business governor. There will be no
dress parade about Gov. Altgeld's administration.
A Bit of Expensive Lace.
There is a museum here devoted to the
preservation of old laces. Here the em
broidered fabric of hi-story and romance
enrolls itself before you somber with
tragic stains at one place, gay at another
with the rosy smiles of life. The most re
markable piece on exhibition is a flounce
made especially for the Kmpress Marie
Louise by order of Napoleon. It is quite
probable that the equal of this pnttern will
never lie produced. The texture of this
article is so fine thnt one could imagine it
the work of a fairy. It is point d'Alencon
with flowers, candelabra, symliolic vases
and birds which lose themselves in a mass
of delicate tracery.
This precious piece was the heritage of a
family of Parma, who sold it to the mu
seum for an enormous price in cold. In
this museum Iinnfrs the portrait of Queen
Victoria in the costume worn at her jubi
lee. Tiie lace of this costume was all made
in the Venetian schools, and la the finest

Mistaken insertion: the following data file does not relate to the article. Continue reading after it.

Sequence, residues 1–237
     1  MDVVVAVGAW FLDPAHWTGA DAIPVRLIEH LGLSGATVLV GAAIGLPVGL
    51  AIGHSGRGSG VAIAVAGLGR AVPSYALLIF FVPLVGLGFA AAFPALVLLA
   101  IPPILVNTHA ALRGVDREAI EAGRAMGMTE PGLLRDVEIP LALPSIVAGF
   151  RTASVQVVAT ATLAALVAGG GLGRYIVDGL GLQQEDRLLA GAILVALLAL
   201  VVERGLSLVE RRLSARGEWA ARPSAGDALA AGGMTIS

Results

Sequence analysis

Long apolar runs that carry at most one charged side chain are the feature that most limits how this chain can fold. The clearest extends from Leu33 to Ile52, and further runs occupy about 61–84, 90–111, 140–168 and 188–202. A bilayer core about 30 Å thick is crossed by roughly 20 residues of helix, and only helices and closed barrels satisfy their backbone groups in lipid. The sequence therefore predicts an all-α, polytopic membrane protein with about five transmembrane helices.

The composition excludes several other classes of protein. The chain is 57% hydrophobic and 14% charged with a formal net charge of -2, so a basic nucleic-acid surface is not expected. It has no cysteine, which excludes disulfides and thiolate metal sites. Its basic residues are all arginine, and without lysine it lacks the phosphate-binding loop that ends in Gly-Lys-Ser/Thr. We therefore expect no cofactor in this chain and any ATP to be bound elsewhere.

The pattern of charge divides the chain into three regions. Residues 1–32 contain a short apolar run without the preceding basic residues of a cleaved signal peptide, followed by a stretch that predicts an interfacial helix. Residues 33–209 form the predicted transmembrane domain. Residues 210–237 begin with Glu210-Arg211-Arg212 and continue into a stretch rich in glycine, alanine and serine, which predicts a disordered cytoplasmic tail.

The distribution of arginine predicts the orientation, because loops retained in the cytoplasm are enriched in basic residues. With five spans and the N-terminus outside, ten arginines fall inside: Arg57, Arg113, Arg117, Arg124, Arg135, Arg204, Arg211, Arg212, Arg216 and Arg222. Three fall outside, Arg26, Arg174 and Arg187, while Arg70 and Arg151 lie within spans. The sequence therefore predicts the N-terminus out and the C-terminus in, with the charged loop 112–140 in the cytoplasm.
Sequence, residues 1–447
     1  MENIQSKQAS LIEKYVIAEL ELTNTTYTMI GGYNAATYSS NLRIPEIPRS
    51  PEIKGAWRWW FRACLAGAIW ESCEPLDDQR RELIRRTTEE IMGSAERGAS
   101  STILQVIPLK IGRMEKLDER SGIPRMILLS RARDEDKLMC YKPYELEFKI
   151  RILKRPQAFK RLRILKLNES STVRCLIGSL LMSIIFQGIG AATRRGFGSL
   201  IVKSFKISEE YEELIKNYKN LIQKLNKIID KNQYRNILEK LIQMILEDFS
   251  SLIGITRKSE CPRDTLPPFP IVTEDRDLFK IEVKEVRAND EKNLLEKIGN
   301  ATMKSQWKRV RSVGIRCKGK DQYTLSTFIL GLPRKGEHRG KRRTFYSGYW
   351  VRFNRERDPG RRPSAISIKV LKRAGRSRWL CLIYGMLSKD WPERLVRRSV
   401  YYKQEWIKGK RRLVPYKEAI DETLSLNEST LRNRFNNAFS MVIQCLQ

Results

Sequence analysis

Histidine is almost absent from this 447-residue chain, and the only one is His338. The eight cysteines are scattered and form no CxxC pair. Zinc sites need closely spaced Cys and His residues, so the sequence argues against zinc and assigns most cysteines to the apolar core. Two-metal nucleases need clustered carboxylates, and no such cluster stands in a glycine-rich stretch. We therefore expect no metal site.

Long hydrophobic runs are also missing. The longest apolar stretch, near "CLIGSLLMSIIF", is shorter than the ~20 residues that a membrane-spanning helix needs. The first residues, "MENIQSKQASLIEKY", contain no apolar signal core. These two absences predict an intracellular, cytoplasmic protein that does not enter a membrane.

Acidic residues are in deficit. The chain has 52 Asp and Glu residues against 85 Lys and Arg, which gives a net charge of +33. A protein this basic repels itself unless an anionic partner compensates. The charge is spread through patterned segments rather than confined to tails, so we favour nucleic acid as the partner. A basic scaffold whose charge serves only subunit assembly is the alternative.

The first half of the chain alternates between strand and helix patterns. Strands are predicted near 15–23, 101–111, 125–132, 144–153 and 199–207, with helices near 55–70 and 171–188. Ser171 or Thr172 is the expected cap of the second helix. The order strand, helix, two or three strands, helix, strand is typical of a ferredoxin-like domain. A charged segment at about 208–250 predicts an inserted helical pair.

work that lias been done by them. Venice
' A I'nlque School Ilonae.
Not every school district quarrel has so
queer u monument to commemorate it as
has one in the suburbs of Ellsworth.
When several years aj?o it was voted to
build a school house many residents pro
tested on account of what they called the
needless expense. But in spite of their
opposition the contract was awarded to
Sir. H. L. Moore, of Ellsworth, and work
was commenced. The frame was already
up in a Kood substantial manner, when
one dark. niKbt a body of men sailed forth
armed with wood saws, and in the morning
when Mr. Moore and his crew arrived they
found the timiers all cut up into 4-foot